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January 1967

Year Book of Nuclear Medicine,

Arch Intern Med. 1967;119(1):125-126. doi:10.1001/archinte.1967.00290190173022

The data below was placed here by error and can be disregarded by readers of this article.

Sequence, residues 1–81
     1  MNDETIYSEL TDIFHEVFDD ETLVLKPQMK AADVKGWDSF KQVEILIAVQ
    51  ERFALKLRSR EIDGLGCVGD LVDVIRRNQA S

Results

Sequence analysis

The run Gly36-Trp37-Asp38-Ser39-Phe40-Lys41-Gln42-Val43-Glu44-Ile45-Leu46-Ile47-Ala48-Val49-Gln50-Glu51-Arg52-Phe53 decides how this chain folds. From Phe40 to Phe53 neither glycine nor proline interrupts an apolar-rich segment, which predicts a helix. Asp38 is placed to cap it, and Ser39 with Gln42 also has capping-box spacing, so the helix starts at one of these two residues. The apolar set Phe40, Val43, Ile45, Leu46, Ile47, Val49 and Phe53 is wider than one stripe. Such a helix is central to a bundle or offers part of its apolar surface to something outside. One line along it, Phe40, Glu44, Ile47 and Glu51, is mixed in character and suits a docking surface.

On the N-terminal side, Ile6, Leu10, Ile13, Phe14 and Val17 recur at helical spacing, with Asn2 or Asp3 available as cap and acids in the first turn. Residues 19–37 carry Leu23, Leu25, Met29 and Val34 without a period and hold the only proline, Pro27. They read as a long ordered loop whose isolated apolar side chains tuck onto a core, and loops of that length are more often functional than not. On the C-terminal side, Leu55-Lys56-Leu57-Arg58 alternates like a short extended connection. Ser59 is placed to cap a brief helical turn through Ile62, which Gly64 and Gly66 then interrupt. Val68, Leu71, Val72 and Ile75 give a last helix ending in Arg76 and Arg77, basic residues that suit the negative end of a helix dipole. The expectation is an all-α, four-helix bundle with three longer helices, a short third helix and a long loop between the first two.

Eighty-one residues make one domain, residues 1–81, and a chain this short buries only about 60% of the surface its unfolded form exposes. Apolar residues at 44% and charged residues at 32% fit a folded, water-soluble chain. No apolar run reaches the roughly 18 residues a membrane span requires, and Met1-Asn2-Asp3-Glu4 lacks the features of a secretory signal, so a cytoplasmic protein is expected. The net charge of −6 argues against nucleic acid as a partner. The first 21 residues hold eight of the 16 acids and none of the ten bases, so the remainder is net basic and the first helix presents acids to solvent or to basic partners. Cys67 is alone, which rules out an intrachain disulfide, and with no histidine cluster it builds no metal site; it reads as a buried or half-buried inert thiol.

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Of the 18 Year Books in the various fields of medicine, all but two concern well-recognized specialties or subspecialties of clinical practice. One of the two mavericks is this newest addition to the family, and its appearance certainly justifies the query—just what is nuclear medicine? This is a legitimate question. I know of no one in the United States whose sole source of income derives from the private office practice of nuclear medicine (although it would be nice to know that such a practitioner exists). There is no American Board of Nuclear Medicine. If you cannot taste it, smell it, or see it, how can you write about it? Marshall Brucer, that venerated but still youthful parent of this foundling, has defined nuclear medicine as "a mixed discipline emphasizing radioisotopes in diagnosis and therapy" ( italics mine), and the contents of this volume bear out these points. Here we find the

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